To create their new tools, the Dell briefing team tapped into the corporate marketing development program for new talent. The recently-hired associates complete a three-year rotation across the organization to have firsthand experience with Dell’s many business units. Last year Penne Allen, Director of Dell’s Global Briefing Program, had a marketing associate develop visitor apps during her marketing rotation at HQ. The apps were tied to Dell’s rollout of their Salesforce.com mobile adoption. Dell’s robust suite of apps is available across four operating systems and is tied to GPS. There is an overview of the Dell center, maps of the Dell campus plus a list of area restaurants, hotels and suggestions for sightseeing, cultural arts, and shopping. Dell guests are invited to sign the briefing center’s e-book, view Michael Dell’s YouTube videos, plus link to Dell’s enterprise strategies and the bios of the speakers. Three days before a briefing, a sign-in page is sent to customers inviting them to log in to the service. Penne explained, “This tool makes the experience at Dell’s HQ briefing center more of an immersive experience. Customers are engaged before the briefing instead of waiting until the customers walk through the doors”. A third party company developed and maintains the tool. The briefing center’s professional staff keeps the content updated.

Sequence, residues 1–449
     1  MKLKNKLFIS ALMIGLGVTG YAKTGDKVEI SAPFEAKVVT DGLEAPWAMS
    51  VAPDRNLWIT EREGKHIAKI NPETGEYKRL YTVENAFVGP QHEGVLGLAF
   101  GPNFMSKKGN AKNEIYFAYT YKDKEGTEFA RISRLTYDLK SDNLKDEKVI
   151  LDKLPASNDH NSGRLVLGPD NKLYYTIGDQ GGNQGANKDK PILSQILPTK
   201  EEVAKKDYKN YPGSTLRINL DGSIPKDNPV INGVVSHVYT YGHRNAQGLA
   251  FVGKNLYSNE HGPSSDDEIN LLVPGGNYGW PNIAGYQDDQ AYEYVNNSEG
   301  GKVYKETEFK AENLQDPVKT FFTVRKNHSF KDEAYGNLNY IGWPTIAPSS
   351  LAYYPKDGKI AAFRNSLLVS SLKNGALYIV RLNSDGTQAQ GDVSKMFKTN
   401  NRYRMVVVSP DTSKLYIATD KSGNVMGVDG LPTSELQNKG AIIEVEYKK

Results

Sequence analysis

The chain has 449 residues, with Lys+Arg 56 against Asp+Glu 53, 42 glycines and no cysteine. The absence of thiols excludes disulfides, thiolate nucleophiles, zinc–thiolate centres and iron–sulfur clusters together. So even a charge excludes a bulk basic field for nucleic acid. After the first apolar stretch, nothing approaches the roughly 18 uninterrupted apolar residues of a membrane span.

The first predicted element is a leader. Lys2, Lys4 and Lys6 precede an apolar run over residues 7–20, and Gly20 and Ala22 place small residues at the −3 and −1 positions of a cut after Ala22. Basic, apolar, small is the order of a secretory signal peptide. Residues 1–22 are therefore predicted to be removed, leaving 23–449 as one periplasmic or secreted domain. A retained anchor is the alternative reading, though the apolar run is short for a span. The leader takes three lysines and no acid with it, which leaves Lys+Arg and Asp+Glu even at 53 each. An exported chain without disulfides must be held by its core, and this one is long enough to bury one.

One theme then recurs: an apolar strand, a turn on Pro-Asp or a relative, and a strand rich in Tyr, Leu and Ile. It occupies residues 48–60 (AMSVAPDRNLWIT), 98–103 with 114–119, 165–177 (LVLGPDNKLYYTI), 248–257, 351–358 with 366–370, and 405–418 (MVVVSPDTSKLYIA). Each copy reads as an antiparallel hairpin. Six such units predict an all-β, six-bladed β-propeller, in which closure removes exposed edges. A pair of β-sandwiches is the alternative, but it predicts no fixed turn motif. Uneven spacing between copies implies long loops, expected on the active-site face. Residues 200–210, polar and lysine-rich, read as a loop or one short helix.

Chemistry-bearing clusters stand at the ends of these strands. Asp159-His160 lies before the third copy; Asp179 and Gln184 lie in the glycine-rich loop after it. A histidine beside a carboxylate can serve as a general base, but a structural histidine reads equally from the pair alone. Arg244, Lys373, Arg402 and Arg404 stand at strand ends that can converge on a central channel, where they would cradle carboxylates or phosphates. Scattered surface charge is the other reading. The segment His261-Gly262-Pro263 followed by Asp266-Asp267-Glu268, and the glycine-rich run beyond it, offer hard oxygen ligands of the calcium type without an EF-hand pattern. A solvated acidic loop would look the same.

Like other marketing initiatives in the briefing program, the development and implementation of apps and other digital presence needs to be aligned with the corporation’s branding and marketing strategy. It is easy to get excited about all the digital marketing possibilities. To get started you need a firm understanding of what it is you are trying to do, the expected results, and metric of success. The Gartner Group research shows that “70% of social implementations fail because they lack a business purpose.” It is a good practice to develop a business case to explore and define all facets of an enhanced digital presence.
When calculating the cost of a new tool you need to include development, implementation, usage, and maintenance costs. Some companies can use their own products and technologies; other companies have to outsource the development of their tools. To manage daily costs, it is a good idea to have the capability to update and keep the information current in-house.
Most discussions will include working with your corporation’s IT department. These departments are tasked with dueling objectives. They understand the need to position the company as a leader, support digital presence, and enhance the acquisition of information while, at the same time, they are also trying to protect company data and assets from hackers and other intruders.